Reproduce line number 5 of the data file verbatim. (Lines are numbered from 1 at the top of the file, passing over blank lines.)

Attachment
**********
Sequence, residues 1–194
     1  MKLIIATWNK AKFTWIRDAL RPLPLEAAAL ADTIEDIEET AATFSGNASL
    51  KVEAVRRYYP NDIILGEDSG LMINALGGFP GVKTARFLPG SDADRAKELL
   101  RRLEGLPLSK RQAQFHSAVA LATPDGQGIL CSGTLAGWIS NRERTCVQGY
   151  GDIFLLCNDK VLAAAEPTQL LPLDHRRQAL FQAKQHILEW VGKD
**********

   151  GDIFLLCNDK VLAAAEPTQL LPLDHRRQAL FQAKQHILEW VGKD